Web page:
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How To Deal With Being The ‘Successful One’ In The Family

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Jan. 15 2021, Published 2:20 a.m. ET

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We’ve all seen her on social media. We most likely have one of our own affectionately called “rich auntie.” She jet sets, has the latest in fashion, a nice car, brings the extravagant gifts, and slips grandma a few dollars when she needs it.

A tweet not too long ago asked, “Is the rich auntie really rich, or does she just not have kids?” The better question to ask is does the “rich auntie” know that she holds that title and does she even want it?

If one person in the family “makes it,” the expectation is that they will support everyone financially and that can be a lot for one person to carry.

If this sounds like you, here are some tips to ensure you keep your sanity and wallet at 100%:

No Is A Complete Sentence

You don’t owe anyone an explanation as to why you aren’t willing to give away your hard-earned money. You are your first priority and it’s okay to make sure your needs are met first before giving away funds you don’t have. You may be called selfish but they will understand; they will have no choice.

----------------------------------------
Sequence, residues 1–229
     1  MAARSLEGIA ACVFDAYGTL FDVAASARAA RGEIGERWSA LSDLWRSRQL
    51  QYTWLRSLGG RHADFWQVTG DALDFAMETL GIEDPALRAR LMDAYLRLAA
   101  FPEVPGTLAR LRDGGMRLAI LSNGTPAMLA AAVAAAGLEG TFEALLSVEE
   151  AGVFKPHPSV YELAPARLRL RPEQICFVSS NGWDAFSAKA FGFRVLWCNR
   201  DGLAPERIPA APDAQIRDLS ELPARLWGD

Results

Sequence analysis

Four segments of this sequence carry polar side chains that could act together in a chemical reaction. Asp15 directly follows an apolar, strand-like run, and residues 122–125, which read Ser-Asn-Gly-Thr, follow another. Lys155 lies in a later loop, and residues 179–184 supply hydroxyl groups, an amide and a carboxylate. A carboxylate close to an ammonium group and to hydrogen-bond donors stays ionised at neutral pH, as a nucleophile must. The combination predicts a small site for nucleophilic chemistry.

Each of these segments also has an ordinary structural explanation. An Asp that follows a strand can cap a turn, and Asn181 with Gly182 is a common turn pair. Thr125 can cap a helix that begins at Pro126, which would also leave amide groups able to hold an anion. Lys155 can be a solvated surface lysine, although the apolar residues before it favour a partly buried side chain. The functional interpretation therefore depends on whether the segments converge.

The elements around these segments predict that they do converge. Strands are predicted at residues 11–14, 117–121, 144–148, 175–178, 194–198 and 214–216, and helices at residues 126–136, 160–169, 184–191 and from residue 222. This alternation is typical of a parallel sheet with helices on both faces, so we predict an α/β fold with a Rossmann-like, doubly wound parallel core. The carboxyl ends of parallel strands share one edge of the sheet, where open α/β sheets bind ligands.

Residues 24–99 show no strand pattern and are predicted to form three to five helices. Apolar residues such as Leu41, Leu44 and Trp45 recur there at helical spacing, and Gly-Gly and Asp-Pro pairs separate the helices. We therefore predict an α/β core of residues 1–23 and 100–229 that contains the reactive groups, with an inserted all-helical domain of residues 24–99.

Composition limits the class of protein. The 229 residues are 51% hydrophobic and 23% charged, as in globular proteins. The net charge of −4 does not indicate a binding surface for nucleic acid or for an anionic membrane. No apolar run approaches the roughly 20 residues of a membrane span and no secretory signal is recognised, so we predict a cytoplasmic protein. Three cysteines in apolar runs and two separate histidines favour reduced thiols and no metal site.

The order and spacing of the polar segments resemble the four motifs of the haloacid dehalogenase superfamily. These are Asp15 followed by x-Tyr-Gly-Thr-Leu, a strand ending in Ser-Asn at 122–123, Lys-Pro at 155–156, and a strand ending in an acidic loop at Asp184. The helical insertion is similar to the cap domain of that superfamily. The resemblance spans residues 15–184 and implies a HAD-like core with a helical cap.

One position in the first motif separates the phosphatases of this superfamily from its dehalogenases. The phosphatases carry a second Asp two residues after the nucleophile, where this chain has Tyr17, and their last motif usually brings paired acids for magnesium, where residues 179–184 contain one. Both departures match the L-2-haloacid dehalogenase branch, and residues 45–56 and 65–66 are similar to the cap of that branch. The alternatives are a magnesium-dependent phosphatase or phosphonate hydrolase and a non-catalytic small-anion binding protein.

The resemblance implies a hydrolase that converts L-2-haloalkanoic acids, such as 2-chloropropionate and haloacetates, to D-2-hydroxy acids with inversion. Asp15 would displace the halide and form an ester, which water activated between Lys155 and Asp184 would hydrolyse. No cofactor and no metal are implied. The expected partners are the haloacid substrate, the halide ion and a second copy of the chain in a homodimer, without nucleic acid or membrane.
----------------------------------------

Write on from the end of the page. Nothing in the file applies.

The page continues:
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Bury The Guilt

It can be hard to say no to family, which can lead to feelings of guilt when you do. However, if you give in every time you are asked for money, you are only enabling them. It’s one thing to help someone in a dire financial crisis but it is another to keep coming to their rescue as a result of their reckless relationship with money and poor spending habits. The more you set boundaries, the less you will feel guilty.

You Don’t Owe Anyone Anything

Your parents/grandparents/aunt/uncle taking care of you as a child is not a form of debt. For whatever reason, a lot of parents think their children owe them for simply bringing them into the world. Sure you want to recognize the sacrifices your parents/loved ones made for you to live the life you have but that doesn’t mean being their ATM. 

The media will make it seem as though millennials are freeloaders but according to MoneyUnder30.com one in five millennials help support their parents while providing on average $18,250 per year. 48% of millennials have delayed buying a home, 38% have delayed having children, and 29% put off marriage.

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Help In Ways That Aren’t Financial 

According to RecoveringWomenWealth.com, set up a budget plan for your loved one, formulate debt payoff, and set savings goals. It could be that they have never learned the tools to healthy money management and that’s where you come in. Teach them and lead by example.

If you must help in a way that’s financial, try paying a bill directly or doing the family grocery shopping.

Finding success is a blessing. It takes hard work and sacrifice and you shouldn’t be taken advantage of by anyone, including family, because you created a great life for yourself. Your family will love you and you’ll love yourself for giving them the tools to take their financial well-being seriously. 

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